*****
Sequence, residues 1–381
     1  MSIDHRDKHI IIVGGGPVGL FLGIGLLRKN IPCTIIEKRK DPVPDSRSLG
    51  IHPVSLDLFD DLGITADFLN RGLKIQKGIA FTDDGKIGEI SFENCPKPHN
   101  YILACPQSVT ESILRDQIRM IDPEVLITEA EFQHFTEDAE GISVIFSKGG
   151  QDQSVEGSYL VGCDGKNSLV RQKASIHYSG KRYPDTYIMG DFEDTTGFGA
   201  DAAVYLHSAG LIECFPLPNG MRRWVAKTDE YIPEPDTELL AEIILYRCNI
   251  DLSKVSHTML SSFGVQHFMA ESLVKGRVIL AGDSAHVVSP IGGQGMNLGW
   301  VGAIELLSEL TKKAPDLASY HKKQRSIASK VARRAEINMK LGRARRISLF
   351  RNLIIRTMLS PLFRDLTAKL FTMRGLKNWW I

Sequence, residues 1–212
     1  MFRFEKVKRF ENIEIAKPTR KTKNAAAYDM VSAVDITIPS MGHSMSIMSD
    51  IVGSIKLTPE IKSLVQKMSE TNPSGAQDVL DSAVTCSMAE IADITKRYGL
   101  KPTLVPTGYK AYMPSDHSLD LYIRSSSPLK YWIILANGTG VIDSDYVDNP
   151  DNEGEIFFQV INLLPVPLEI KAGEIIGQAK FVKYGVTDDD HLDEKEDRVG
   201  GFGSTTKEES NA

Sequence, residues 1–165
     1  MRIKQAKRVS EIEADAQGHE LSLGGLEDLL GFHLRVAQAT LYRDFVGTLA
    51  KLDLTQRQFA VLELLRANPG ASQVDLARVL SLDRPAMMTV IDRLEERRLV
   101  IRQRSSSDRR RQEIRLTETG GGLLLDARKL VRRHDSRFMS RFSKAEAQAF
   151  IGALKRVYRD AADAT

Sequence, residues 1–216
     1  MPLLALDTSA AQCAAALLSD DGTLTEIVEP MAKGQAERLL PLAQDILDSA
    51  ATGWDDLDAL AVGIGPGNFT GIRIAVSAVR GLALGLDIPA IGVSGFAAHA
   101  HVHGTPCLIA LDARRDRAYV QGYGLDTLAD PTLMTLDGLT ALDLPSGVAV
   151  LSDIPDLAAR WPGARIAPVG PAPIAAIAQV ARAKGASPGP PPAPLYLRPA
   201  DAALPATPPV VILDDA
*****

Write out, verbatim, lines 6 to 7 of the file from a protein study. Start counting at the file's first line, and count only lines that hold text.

   201  DAAVYLHSAG LIECFPLPNG MRRWVAKTDE YIPEPDTELL AEIILYRCNI
   251  DLSKVSHTML SSFGVQHFMA ESLVKGRVIL AGDSAHVVSP IGGQGMNLGW